Hipsters are just young, fashionable people. As has been said, they have always been with us, always will be and will always attract derision from others who think 1. actually they know better and 2. subconsciouly fear that the hipster is younger, more knowledgeable, cultured, better dressed, better looking, having a better time etc than them. Hence the seething resentment and relentless campaign to undermine and ridicule.

What I have never understood why they are associated with both PBR and craft beer. I think the link with craft beer is overstated.

Anyone who holds their glass at eye level, or sticks their nose in it or says ‘curated’ is a #0!n@ and probably doesn’t even like beer. By next year they’ll be fermenting beer with dried yak turds.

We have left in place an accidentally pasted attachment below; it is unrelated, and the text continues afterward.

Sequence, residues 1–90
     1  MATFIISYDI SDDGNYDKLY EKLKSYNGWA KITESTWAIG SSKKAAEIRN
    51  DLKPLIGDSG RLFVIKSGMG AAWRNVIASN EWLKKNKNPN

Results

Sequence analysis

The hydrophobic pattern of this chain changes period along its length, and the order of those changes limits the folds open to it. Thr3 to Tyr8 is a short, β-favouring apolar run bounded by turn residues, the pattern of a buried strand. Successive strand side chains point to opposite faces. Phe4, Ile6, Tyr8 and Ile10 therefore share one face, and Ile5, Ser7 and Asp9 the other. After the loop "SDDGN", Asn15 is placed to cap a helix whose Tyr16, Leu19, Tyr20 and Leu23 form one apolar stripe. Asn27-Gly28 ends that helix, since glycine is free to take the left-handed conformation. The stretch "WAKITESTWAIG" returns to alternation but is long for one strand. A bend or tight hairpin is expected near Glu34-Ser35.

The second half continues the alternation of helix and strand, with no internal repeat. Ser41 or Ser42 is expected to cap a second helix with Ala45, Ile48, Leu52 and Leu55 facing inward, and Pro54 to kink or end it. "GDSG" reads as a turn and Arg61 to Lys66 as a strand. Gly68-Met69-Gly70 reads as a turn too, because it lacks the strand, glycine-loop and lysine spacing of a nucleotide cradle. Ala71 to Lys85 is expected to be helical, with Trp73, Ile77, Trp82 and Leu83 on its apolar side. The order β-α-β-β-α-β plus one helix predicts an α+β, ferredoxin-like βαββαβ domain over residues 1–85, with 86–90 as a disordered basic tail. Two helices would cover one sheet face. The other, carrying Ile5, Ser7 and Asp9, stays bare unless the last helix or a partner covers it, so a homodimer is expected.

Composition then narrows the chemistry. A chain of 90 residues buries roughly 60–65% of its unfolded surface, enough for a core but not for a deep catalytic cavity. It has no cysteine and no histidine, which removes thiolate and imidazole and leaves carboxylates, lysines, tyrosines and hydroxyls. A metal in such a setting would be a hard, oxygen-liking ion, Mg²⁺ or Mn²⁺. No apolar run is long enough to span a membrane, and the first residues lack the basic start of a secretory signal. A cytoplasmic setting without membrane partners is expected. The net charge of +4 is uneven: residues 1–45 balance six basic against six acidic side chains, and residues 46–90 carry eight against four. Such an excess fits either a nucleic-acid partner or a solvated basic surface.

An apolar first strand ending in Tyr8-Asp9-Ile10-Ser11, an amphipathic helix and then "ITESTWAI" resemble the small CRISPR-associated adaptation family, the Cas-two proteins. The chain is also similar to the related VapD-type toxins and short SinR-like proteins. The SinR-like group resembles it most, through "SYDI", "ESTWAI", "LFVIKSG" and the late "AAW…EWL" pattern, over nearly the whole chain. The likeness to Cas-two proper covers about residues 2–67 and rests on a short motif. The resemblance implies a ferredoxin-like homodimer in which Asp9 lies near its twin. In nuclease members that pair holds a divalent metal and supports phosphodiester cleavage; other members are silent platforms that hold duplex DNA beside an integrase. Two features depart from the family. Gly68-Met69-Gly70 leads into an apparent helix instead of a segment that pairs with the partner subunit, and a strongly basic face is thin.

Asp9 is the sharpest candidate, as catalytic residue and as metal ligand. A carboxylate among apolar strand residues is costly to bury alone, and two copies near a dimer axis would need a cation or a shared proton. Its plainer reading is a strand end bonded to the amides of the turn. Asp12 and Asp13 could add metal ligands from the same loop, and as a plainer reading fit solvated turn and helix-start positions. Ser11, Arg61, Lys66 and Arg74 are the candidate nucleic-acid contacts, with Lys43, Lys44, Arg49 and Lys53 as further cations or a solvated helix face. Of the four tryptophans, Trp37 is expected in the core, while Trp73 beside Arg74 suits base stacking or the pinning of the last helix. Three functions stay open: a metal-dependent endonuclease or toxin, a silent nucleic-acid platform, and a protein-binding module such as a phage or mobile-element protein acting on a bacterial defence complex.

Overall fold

Sirhammer is pretty close to it, except the true Beat figures and acolytes (broadly the equivalent of the “kitchen sink” writers who emerged in the 50’s/60’s in England) had more of a spiritual impetus, or spiritual-literary. They tended to despise consumerism of any kind. What happened was a fashion for the “beatnik” took hold in the country, and these were the hipsters, sometimes called beats and later hippies. These people were not primarily artists or questers but has simply adopted as a pose and lifestyle some of the external features of the Beat wavelength such as berets, black clothing, jeans, beards (that part has never gone away). So today’s hipsters are firmly in the latter mould and that’s fine.